Against the hopes of the World Health Organization (WHO), the search for a vaccine to the novel coronavirus has devolved into a glory-hunting competition between some of the world’s biggest powers.
Speaking on Thursday at the daily global briefing on the fight against COVID-19, WHO director-general Tedros Ghebreyesus warned that competition between countries would only hike prices for a drug that would surely not be as supplied as it is demanded.
“When a successful new vaccine is found, there will be greater demand than there is supply. Excess demand and competition for supply is already creating vaccine nationalism and risk of price gouging,” said Dr. Ghebreyesus.
The WHO boss is not sure that lives should be dependent on a “market failure” and advised that only “global solidarity, public sector investment and engagement can solve” the problem.
Neither vaccine nationalism nor the desire to financially profit from a global pandemic was unexpected. This is, after all, the world order the most powerful nations have ensured in the last several decades.
The coronavirus is the world’s most important public health problem at the moment. The race to solve a problem on this magnitude is comparable to the space war between the US and the USSR at the beginning of the Cold War.
Russia for one, implicitly admits this. Moscow has named its alleged vaccine Sputnik V after the world’s first satellite launched by the Soviet Union in 1957.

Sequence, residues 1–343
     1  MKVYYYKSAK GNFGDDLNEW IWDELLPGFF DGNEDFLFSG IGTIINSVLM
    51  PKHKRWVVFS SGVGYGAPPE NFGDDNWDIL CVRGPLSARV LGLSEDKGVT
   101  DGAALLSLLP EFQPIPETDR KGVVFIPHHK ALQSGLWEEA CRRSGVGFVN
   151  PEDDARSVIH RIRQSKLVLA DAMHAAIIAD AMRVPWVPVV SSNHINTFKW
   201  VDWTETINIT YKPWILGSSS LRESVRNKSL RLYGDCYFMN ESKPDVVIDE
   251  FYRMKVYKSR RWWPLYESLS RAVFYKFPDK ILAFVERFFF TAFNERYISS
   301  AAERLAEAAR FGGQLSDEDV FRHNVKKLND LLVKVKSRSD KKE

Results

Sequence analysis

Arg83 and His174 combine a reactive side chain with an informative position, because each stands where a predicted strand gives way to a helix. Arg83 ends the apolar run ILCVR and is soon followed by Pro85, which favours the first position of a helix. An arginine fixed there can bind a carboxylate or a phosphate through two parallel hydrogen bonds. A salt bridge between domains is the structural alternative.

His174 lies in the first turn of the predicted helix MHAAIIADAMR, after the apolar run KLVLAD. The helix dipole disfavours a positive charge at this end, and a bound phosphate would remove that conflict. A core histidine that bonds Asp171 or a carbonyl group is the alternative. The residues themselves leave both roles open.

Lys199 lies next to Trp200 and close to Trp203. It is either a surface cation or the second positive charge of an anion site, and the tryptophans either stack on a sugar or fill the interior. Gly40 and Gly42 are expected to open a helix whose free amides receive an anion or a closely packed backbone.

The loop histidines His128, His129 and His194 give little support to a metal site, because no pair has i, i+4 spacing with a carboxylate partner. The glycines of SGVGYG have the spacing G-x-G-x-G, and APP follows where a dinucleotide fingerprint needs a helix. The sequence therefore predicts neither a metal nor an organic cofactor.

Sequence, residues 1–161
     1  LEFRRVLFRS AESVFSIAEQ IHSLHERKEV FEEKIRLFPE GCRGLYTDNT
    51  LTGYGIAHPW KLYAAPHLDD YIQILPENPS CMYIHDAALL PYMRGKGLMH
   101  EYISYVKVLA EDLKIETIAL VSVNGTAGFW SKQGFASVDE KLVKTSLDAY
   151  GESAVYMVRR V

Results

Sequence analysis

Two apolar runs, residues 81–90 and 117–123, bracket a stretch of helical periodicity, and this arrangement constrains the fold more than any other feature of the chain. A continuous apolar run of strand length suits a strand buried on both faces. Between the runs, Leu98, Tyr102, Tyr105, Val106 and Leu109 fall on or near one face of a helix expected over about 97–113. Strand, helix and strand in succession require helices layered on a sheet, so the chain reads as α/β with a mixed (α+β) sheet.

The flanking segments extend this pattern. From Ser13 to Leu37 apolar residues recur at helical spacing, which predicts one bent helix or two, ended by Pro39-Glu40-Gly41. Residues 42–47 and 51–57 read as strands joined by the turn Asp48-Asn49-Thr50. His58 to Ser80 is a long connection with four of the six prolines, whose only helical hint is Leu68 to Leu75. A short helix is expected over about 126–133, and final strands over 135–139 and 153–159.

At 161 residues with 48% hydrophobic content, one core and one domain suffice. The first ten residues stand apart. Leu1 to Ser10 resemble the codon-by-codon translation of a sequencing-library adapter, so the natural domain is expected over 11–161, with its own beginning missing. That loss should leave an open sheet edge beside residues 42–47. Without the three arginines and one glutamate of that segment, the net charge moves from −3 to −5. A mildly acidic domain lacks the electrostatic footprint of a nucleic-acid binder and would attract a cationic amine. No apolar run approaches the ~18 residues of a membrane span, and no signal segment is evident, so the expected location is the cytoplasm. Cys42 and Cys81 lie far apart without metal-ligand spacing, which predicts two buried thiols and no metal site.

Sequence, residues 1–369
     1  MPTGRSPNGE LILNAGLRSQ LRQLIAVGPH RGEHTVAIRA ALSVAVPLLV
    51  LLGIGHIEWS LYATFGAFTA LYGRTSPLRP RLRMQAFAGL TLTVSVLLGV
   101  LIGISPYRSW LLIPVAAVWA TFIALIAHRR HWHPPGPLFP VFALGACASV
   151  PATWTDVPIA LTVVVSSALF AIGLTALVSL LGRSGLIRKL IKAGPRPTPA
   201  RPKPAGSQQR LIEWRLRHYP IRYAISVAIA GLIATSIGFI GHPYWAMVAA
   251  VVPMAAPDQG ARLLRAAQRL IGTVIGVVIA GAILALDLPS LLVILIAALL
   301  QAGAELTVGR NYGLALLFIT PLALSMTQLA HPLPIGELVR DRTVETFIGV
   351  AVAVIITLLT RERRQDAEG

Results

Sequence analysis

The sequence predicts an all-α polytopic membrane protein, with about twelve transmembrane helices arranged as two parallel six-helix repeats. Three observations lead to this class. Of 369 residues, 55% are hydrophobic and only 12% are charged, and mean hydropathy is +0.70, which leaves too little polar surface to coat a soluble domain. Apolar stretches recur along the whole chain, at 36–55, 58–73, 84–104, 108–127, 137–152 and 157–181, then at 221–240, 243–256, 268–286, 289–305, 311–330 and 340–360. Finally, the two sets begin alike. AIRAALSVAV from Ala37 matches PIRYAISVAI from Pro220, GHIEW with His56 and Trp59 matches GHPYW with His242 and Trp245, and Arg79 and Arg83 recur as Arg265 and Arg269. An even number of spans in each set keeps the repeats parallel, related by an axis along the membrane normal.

But where does this competition on steroids leave those in the global south, especially Africa?
Africa’s options in critical times
The United States and the United Kingdom have already taken first-in-line positions to secure the most promising candidates for a vaccine. The two powers have placed the biggest orders should any of these candidates yield fruit.
Of course, this development concerns more than the WHO director-general. Thomas J. Bollyky and Chad P. Brown, both economists, recently argued in a piece for Foreign Affairs that what the US and the UK are doing could prove counterproductive to fighting a global problem.
The economists explained: “Global cooperation on vaccine allocation would be the most efficient way to disrupt the spread of the virus. It would also spur economies, avoid supply chain disruptions, and prevent unnecessary geopolitical conflict.”
What remains to be seen is the political will on the part of those who can lead efforts for said global solidarity. For Africa’s countries, the simple and undignified truth is that they will follow the lead of the powers.
In May, the African Union Africa Center for Disease Control (CDC) announced that five countries were trialing various medications, with two Chinese-made vaccine trials in Egypt.
South Africa announced in June that it was also conducting research into a vaccine and although many others on the continent are too, the Rainbow Nation is thought to be the most equipped for success.
But the most spectacular headline for vaccine search in Africa has been a colossal PR nightmare. After announcing that its herbal concoction COVID Organics can cure the novel coronavirus, Madagascar’s claim has been challenged by some on the continent and the country has actually since seen a spike in coronavirus cases.
With expectations that a WHO-approved vaccine could possibly take more than a year, Africa can only watch, plan and wait. The politics and economics of the global race leave very little wiggle room and even less hope for poorer countries to influence outputs.
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